On Brexit, Yellen said the lack of uncertainty about the UK leaving the European Union is hurting investment and disrupting efficient markets. If there’s a hard exit with no formal trade terms with the EU, she expects a hit on London’s role as a financial capital and sees the pound depreciating.

Derry joked that that would make the U.S. dollar go further for American tourists, and Yellen agreed — with a caveat.

"It’s a good place to go on vacation, but it’s hard to sell there,” she said.

Fiorina on Leadership

Fiorina spoke Monday with a direct message for the supply chain professionals in the audience — saying that their work mattered because, as Chairman and CEO of Hewlett-Packard, she had seen how the procurement department eventually led the change she sought.

It wasn’t easy, said Fiorina, who led HP from 1999 to 2005.

When she arrived at the company, she found that it had 87 business units — each with its own CFO, CIO and turf to protect. She said the sprawling company also had 30 distinct supply chains.

“Do you think we got the best price?” Fiorina said. “No!”

Fiorina knew this was a problem that she had to address. Facing problems and fixing them is what defines a leader, she said.

“Changing the status quo brings criticism,” Fiorina said. “It’s tough when criticism is all around you — like social media…

“But leadership requires the courage to withstand the criticism,” she continued.

She said customers were the key to driving the change inside HP. Many customers were excited to hire the powerhouse company, but were disappointed when they realized they had to work with many distinct groups among the 87 business units.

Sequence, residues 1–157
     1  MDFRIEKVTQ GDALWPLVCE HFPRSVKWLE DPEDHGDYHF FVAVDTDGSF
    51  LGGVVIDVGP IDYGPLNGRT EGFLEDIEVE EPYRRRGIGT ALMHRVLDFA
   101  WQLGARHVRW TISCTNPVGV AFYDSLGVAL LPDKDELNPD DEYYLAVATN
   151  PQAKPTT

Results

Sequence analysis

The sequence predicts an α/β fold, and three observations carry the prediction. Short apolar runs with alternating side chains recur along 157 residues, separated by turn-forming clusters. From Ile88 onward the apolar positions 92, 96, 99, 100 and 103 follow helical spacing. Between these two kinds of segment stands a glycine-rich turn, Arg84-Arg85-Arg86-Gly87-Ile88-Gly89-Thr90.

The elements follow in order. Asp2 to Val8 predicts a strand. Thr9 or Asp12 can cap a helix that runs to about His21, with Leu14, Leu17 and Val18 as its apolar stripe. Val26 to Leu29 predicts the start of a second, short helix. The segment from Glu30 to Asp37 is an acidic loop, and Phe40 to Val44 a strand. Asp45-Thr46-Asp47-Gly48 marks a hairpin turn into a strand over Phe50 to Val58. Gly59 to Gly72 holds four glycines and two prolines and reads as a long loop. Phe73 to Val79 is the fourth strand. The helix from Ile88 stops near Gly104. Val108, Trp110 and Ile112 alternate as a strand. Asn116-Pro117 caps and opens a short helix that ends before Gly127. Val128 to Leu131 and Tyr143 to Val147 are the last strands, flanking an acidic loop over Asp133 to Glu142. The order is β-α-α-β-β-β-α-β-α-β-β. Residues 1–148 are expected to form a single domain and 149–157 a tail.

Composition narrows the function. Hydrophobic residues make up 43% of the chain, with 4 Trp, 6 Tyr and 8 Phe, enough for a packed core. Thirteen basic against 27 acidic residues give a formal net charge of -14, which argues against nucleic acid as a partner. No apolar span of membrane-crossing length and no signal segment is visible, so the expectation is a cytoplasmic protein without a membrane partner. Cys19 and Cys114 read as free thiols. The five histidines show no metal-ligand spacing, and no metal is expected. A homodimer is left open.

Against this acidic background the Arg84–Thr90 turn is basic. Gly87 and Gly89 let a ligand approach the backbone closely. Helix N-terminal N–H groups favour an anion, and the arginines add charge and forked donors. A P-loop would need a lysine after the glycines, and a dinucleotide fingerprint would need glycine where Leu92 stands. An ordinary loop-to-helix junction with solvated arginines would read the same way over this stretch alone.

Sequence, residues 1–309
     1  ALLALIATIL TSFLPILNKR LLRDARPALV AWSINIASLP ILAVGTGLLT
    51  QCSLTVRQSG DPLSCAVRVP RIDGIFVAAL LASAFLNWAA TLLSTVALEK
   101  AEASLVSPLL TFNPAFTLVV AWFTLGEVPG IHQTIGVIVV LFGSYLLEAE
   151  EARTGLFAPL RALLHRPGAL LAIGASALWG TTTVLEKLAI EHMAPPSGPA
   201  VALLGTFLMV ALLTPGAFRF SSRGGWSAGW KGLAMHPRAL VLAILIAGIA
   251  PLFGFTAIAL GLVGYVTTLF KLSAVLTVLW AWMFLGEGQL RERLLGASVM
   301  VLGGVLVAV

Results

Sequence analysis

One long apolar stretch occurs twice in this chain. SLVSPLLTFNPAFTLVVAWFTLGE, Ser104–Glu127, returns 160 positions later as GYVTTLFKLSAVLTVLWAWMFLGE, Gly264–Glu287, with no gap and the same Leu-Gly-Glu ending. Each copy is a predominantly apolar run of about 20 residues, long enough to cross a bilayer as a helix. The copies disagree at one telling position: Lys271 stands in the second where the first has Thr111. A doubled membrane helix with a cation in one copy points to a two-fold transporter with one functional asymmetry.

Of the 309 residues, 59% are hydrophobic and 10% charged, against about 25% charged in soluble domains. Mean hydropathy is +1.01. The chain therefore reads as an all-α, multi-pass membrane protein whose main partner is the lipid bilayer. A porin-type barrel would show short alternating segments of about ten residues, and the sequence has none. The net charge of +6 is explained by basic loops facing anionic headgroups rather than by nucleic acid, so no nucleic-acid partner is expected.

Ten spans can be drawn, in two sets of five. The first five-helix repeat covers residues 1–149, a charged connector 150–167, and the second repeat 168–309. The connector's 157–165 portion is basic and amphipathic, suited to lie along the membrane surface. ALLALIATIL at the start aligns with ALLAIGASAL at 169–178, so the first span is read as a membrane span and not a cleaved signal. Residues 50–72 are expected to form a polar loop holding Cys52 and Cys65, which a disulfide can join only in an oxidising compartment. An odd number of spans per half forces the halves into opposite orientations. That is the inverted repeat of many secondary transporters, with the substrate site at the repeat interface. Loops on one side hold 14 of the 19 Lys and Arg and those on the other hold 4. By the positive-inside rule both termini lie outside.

She knew she was facing quite the challenge but she had experience to help her out.

When she started her career at AT&T, she learned something about herself that she carries to this day.

"Everywhere I went I found loads of problems,” Fiorina said. “People talked about the problems, gossiped about the problems, bitched about the problems. But the problems festered. After a while, I asked, ‘Shouldn’t we solve the problems?’

“I liked solving problems."

Fiorina said she was able to convince HP’s supply chain teams to serve the customers, challenge the status quo and find ways to change.

“One of the first things I did was to go to our customers to get compelling voices for change,” she said.

The customers’ concerns went like this: “We need you to work together better. We hire one company but must work with many.”

People in supply finally realized they needed to change, bought in, role-modeled teamwork and collaboration to serve customers.

HP went from 30 supply chains to five, Fiorina said.

“The change to fewer supply chains forced us to stop thinking vertically — like focusing on people’s titles or the reporting structure — and to think horizontally to focus on customers and clients,” she said.

Fiorina encouraged the supply chain professionals in attendance to become leaders who foster collaboration, using humility to know you can do it alone and relying on empathy so you can see what others can bring to solving problems.

Her direct message about supply chain issues resonated with the crowd, which applauded as she closed out her speech.

“Choose to lead.”

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Voices (2)

  1. Matilda Song:

    Good

  2. Raana Abbasey:

    This is a brilliant article. I am commenting only to be able to follow their comments and learn more from industry thought leaders.